Unless you saw a recent issue of Physical Review Letters or a report based on it you may have missed the prediction by two American physicists that positronic water may exist.
Now, what struck me immediately about this item was that for most people who have come across the word at all, positronic is linked with robots. Think of Data, the android/robot in Star Trek: The Next Generation, who is described from time to time as having a positronic brain. The link with robots is due, as science fiction aficionados know, to the late Isaac Asimov (to whom the Star Trek reference is a small act of homage). He began to write stories about robots in 1940 and quickly took on the status of the SF robotics guru, accidentally inventing the word robotics itself by using it without realising nobody had done so before. He’s usually credited with inventing the Three Laws of Robotics that are supposed to guide the actions of all sentient robots (though he was always more than ready to point out that they were actually suggested to him by his editor, John W Campbell). He needed a scientific-sounding term that would suggest the brains of his intelligent creations to be innovative and futuristic, and so he invented the word positronic to describe matter that was suitable for the construction of an artificial brain with “enforced calculated neuronic paths”. Total nonsense, of course, as Asimov himself was the first to admit.
He based the word on positron, a subatomic particle similar to an electron but with a positive charge instead of a negative one. This had been discovered and named by the American physicist Carl Anderson in 1932. It seems that there is no earlier reference to the adjective before Asimov began to employ it. Indeed, of the four citations for the word positronic in the Oxford English Dictionary, three are from works by him, which seems a touch excessive. Interestingly, all four of them relate to SF sources, none to a scientific context. And even more interestingly, a quick search through half a dozen desk dictionaries finds not one reference to positronic, suggesting either that it is even more of a niche usage than I had thought, or that lexicographers don’t read SF, or that the number of times nuclear physicists need the adjective relating to positron is too small to record.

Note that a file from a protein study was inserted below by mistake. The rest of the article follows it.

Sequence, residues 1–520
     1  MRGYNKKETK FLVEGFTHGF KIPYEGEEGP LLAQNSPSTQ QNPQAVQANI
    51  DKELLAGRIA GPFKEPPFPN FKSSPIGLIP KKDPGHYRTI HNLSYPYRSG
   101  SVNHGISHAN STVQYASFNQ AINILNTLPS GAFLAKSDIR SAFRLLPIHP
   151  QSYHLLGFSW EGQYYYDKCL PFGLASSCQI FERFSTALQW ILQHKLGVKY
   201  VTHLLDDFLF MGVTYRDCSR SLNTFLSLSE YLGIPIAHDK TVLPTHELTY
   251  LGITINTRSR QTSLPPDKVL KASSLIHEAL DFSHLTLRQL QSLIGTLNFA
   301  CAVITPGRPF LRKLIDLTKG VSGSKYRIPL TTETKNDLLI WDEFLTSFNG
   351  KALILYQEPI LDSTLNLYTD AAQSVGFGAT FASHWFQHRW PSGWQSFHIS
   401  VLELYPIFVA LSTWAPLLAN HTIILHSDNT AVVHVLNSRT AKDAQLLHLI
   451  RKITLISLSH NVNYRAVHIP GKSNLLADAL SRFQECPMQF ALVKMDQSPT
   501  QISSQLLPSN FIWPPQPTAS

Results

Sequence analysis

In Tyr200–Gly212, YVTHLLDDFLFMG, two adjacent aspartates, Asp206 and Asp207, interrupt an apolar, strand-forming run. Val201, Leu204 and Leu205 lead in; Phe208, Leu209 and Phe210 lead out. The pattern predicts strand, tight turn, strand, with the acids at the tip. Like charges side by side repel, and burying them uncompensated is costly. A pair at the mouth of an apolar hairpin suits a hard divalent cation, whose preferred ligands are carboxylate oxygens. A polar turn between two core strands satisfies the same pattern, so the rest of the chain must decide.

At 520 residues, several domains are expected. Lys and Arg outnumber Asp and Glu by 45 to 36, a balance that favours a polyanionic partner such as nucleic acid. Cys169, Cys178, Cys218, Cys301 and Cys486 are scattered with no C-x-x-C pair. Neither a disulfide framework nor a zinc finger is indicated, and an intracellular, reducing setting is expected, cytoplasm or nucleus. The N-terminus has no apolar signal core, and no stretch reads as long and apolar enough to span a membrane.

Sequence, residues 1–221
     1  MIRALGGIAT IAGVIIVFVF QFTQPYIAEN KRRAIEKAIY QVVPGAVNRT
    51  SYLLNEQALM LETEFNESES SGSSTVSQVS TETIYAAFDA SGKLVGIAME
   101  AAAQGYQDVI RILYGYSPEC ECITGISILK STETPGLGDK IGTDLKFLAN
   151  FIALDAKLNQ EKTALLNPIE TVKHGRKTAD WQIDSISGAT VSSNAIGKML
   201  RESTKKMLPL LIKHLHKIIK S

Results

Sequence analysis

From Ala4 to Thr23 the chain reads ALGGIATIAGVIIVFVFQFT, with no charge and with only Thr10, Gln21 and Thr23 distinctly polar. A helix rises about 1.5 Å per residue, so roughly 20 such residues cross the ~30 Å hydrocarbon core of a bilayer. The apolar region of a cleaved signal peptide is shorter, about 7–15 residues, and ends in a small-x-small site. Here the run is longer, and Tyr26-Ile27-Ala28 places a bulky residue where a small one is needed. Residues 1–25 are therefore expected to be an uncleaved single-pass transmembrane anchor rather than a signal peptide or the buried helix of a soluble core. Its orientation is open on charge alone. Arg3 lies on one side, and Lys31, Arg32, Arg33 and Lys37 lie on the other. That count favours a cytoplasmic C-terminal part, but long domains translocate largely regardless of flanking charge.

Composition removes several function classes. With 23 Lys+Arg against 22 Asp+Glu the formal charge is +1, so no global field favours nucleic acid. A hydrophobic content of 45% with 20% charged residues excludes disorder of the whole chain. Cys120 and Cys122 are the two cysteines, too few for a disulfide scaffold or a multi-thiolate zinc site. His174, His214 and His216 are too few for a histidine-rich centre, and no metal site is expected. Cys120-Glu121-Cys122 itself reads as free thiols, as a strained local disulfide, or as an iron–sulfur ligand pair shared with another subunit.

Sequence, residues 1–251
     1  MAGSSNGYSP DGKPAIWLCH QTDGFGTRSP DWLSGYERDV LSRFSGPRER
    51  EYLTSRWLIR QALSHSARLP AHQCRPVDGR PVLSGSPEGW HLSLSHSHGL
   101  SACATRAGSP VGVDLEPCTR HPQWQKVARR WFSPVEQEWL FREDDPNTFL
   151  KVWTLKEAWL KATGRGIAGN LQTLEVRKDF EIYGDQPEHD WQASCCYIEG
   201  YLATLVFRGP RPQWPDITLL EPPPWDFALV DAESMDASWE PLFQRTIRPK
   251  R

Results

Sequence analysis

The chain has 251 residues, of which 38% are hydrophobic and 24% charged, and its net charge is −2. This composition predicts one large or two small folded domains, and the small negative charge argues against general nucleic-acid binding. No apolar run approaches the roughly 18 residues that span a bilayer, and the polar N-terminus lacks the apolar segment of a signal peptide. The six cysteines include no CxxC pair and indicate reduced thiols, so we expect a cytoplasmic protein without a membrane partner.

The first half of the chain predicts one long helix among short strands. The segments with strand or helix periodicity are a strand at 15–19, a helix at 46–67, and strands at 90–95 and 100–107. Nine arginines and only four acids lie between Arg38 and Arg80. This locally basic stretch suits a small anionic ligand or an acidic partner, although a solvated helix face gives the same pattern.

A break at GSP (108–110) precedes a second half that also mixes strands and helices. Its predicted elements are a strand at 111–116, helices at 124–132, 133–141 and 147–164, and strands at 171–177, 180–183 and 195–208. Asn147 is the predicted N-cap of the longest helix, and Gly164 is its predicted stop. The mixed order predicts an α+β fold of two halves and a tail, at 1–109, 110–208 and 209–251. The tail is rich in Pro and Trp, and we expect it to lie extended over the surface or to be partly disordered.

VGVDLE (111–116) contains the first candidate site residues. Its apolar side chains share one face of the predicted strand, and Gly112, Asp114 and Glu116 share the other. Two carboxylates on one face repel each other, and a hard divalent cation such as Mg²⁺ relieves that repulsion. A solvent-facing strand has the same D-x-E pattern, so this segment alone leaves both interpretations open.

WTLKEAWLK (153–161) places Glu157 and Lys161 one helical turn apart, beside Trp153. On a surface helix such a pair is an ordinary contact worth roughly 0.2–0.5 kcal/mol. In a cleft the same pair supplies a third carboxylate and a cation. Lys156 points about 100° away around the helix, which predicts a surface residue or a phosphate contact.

However, most of these dictionaries do contain an entry for something that hardly exists at all, or at least only fleetingly: a positronium atom. This consists not of a proton and an electron, like a normal hydrogen atom, but a positron and electron pair. Such combinations exist only for a very brief moment before the particles disappear in a small burst of gamma rays. In the article, the physicists say their calculations predict that water in which hydrogen atoms have been replaced by positronium should be stable enough to be observed (though what you do with it having created it is unexplained). Despite being transitory, this pseudo-atom positronium is well known to nuclear physicists, and even has its own chemical symbol, Ps.
But, pleasantly, the article and the reports based on it do use the word positronic several times, which suggests it may be on its way from genre fiction and scientific jargon into the mainstream, perhaps making a small job for lexicographers in the process. Let’s hope when they write the entry they include both senses of the word. Data would be pleased, as would the shade of Asimov.
Search World Wide Words
Recently added or updated
Worry wart; Punch list; Verbigeration; Heliotrope; Ditty bag; E30; Old fogey; Ampersand; Phizzog; Horse creature; Get one’s goat; Mammock; Mx; Stepney; Vape; No names, no pack drill; Bridegroom; Lilly-low.
Support World Wide Words!
Donate via PayPal. Select your currency from the list and click Donate.
Buy from Amazon and get me a small commission at no cost to you. Select your preferred site and click Go!